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Excerpted from A Book of Angels by Sophy Burnham. Copyright 1990 by Sophy Burnham. Excerpted by permission of Ballantine, a division of Random House, Inc. All rights reserved. No part of this excerpt may be reproduced or reprinted without permission in writing from the publisher.  HTML and web pages copyright by SpiritSite.com.
 


"I didn't see him the way I see with my eyes the usual material world."

Sophy Burnham, A Book of Angels, Part 3

Then, when I was thirty, I saw a ghost.

We had just moved to New York City. David, my husband, had taken a job with The New York Times. We rented a beautiful duplex apartment in Brooklyn, just across the river from Manhattan. It had high ceilings, an eat-in kitchen with a window overlooking a grassy garden. Upstairs, in a walnut-paneled bedroom, a bay window gave onto the Statue of Liberty. It was lovely!

In addition to the master bedroom, we had a second bedroom, almost as large, for the two little, girls, then aged three and about eight months. Anyone who knows the cramped boxes of most New York City apartments will appreciate our luck.

A week after moving there, David had to go out of town on assignment. He was gone for several days. One night I was in the little dressing room just off our bedroom, which I had taken over for my own, fitted out with my books and desk. I sat at the sewing machine that night, working on a dress for my three-year-old (the softest cocoa color, with a square neck and ribbon bindings--adorable). It was about ten o'clock at night. I was content and unafraid, concentrating entirely on this Lilliputian dress, when suddenly I had that shadowed sense one gets-there's someone in the room with me!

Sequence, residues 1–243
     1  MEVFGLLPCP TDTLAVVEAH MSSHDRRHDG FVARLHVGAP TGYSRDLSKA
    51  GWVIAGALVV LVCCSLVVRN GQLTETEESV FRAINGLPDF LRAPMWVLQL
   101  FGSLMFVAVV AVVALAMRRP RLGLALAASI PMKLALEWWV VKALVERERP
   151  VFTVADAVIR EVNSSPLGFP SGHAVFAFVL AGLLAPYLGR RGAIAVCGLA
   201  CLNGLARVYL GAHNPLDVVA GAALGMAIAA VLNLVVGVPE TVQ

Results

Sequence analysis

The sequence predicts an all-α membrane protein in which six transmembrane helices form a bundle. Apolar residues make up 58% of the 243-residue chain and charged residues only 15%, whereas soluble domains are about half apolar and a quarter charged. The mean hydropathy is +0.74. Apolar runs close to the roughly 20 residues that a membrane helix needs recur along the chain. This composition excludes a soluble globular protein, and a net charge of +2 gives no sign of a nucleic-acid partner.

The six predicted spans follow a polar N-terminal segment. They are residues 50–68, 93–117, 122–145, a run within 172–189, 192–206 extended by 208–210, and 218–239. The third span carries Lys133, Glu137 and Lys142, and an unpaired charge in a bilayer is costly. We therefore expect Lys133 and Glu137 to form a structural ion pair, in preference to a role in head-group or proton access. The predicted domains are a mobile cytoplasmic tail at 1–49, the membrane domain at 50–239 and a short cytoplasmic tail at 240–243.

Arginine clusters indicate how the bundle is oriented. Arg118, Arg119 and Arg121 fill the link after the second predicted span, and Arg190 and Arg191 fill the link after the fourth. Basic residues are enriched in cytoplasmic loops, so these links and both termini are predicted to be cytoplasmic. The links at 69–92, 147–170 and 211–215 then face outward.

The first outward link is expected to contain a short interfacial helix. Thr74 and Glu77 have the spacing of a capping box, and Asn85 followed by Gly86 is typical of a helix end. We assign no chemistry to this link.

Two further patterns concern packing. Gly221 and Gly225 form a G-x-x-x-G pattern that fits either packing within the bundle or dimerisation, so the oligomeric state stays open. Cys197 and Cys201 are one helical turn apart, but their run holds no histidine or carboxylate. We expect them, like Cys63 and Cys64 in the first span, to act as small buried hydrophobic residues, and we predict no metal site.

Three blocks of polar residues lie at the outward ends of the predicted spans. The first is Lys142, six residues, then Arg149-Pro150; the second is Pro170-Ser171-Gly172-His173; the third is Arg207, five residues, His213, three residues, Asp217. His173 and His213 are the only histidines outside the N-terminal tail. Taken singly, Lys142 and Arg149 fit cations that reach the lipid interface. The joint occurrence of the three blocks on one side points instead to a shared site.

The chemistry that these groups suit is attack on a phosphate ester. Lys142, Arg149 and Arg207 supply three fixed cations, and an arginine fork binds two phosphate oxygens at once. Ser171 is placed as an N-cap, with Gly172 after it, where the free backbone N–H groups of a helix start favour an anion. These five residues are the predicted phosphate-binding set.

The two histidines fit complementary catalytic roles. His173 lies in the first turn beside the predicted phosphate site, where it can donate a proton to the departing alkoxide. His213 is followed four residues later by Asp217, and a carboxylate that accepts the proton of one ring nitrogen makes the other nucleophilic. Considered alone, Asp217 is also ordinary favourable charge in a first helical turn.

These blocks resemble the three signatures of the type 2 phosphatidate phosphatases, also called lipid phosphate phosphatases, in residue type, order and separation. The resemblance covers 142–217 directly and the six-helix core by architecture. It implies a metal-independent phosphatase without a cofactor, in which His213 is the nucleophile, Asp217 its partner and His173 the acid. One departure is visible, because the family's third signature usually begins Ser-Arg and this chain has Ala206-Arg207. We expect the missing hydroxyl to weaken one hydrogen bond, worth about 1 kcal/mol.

I looked up and saw in the doorway a man. I use the word saw. But I didn't see him the way I see with my eyes the usual material world; rather, I saw him with some inner knowledge, for he was there and also not there. I knew three things about him: that he was an older man, that he was troubled or concerned, and that he was "good." He would not hurt me. As those thoughts came, I turned back to the machine. I put my face in my hands, I remember, my elbows resting on the sewing machine. "Now I've gone bananas," I thought. 

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